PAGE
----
Dr. Mehta is a tireless advocate for patients, working with PHA Canada and other organizations on PH education, ensuring better and equal access to necessary treatments, and providing leadership to the development of our early diagnosis campaign: Sometimes It’s PH. His ability to connect the PH community with the medical professionals who care for them makes an immense impact on their quality of life, and is helping to shape the future of PH in Canada.
In Dr. Mehta, patients and caregivers facing this incurable disease have an advocate who is compassionate and committed to providing the ultimate level of care. We are eternally grateful for his continued dedication to empowering and bettering the lives of all Canadians affected by pulmonary hypertension.
At the young age of 30, Elizabeth (Liz) McCall was diagnosed with an atrial septal defect that—by 1999—led to surgery and ultimately, a PH diagnosis. But through all of it, she never let her health issues keep her down. Despite being faced with a life-threatening illness, Liz fought back. She took every step possible to spread the word about PH and to support the PH community in any way possible. It was while searching for help coping with her “new normal” that Liz discovered the lack of Canadian resources and support available to patients like herself. That is why—barely two years after her diagnosis—Liz started the British Columbia PH Society (BCPHS). She wanted to bring together the local PH community to facilitate discussion and direct contact between caregivers, patients, drug companies, and pharmacies. She also went on to become a Founding Director of PHA Canada in 2008.
Liz provided invaluable support to the PH community throughout her life. She was instrumental in the development of support groups for people with PH in BC and throughout the country. She worked hard to help raise awareness of PH and ensure patients knew they were not alone. Liz also saw that November was celebrated as PH Awareness Month all around the country, a significant milestone in the campaign to raise awareness of PH. Without Liz’s dedication and hard work, PHA Canada would not be where it is right now.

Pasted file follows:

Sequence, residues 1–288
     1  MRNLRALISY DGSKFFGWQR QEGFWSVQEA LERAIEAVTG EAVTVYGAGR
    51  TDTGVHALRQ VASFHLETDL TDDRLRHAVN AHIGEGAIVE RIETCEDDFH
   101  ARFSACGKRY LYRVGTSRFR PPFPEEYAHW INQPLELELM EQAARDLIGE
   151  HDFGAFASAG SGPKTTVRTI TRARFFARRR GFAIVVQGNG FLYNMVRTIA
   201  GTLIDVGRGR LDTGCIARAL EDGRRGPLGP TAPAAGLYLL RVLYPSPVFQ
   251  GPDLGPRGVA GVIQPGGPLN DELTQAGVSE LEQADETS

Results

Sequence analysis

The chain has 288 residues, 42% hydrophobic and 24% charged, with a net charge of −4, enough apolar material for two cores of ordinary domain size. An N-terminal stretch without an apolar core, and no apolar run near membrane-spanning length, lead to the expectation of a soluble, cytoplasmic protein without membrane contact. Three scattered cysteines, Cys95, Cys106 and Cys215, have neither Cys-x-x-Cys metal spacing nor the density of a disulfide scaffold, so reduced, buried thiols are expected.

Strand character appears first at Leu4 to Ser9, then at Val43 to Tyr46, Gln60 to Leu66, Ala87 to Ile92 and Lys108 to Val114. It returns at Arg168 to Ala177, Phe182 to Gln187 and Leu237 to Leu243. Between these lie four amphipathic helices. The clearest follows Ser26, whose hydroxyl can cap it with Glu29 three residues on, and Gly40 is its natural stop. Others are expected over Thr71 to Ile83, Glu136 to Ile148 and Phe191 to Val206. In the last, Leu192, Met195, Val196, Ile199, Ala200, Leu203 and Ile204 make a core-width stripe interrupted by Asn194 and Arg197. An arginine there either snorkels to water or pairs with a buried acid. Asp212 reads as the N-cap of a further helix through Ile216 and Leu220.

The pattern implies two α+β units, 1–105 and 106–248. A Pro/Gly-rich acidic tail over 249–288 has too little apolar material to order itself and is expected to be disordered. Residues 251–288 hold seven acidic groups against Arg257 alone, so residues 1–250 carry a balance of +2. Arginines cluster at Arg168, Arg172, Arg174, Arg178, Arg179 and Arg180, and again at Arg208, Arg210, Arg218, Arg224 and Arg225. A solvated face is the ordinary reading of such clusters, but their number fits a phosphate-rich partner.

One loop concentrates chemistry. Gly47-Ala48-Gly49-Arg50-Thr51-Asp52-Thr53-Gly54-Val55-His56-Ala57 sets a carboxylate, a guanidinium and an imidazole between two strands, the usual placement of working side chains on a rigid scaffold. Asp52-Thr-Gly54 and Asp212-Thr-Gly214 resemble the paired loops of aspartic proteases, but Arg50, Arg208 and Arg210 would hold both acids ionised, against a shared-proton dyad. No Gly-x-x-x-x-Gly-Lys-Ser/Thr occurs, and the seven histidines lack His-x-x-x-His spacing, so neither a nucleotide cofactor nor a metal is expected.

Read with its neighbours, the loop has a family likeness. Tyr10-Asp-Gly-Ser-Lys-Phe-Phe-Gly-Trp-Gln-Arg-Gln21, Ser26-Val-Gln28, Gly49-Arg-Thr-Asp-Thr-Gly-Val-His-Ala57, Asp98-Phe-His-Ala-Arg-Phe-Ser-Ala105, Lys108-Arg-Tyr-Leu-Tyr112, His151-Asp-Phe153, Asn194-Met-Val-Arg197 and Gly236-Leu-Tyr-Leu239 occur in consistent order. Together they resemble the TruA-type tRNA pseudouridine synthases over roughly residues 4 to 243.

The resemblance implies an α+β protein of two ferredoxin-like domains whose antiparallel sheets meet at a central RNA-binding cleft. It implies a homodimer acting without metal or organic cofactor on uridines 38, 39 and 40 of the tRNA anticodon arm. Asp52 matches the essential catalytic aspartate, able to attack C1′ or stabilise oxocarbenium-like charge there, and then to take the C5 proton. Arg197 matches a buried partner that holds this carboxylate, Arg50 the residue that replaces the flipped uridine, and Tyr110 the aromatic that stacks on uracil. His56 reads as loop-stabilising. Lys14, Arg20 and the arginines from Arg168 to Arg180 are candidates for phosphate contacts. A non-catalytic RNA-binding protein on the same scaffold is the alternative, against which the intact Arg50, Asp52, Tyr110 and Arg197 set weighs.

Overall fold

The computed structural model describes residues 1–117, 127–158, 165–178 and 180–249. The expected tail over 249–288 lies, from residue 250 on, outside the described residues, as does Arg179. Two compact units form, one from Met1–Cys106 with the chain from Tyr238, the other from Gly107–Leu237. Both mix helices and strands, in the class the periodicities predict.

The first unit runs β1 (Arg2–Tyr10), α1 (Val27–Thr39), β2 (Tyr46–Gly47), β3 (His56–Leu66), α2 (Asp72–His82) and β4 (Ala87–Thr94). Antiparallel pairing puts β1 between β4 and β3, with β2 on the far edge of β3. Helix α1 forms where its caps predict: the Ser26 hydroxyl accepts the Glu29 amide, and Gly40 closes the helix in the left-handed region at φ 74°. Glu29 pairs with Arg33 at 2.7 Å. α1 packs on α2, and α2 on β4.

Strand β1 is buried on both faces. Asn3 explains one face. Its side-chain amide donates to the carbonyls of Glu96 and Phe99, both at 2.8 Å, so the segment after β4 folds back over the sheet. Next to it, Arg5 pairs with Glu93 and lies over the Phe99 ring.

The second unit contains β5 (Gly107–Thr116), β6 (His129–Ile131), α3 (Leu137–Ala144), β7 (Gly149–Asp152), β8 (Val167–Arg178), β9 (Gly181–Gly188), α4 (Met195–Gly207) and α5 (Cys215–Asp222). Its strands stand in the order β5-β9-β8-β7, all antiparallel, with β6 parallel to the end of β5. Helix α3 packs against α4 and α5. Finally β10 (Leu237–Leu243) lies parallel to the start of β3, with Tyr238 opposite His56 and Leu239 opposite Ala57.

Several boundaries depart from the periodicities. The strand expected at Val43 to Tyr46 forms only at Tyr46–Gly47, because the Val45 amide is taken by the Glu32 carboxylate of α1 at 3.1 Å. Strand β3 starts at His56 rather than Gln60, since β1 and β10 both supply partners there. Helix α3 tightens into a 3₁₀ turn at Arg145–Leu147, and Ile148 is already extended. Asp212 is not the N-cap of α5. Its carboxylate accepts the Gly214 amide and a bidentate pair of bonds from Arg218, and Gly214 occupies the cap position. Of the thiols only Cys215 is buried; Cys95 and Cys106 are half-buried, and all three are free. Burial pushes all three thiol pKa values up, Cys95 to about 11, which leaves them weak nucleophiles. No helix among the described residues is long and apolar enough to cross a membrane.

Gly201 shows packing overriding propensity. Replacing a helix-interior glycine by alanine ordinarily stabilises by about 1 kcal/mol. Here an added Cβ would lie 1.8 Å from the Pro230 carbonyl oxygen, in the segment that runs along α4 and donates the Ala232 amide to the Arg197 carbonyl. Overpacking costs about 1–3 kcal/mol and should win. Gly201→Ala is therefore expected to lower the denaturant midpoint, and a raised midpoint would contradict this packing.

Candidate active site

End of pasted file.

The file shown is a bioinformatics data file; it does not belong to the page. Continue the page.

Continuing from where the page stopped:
Liz McCall worked tirelessly for the PH community: it was her goal that no patient would face this illness alone. Her dream was to one day see a united Canadian community, in which everyone living with PH could receive the support they needed. While she may no longer be with us, Liz’s legacy lives on eternally and her incredible contributions to the Canadian PH community will never be forgotten.
The Paroian Family
The Paroian Family
The contribution of the Paroian Family is an important one to the beginnings of our community. In 1997—following the PH diagnosis of their daughter Sherry—the Paroian Family were baffled at the complete lack of support and information that was available to those affected by this rare, incurable disease. This drove Leon Paroian—Sherry’s father and a well-established Ontario lawyer with strong connections in his local community—to make a stand and demand that things improve. This began with the founding of the PH Society of Ontario (PHSO) and the PH Society of Canada (PHSC), both of which had the set goal of finding a cure for PH. Through hard work and determination, the Paroian Family raised an incredible $2 million for Canadian PH Research, much of which helped fund one of the most important PH research trials currently underway today: the gene-therapy studies of Dr. Duncan Stewart.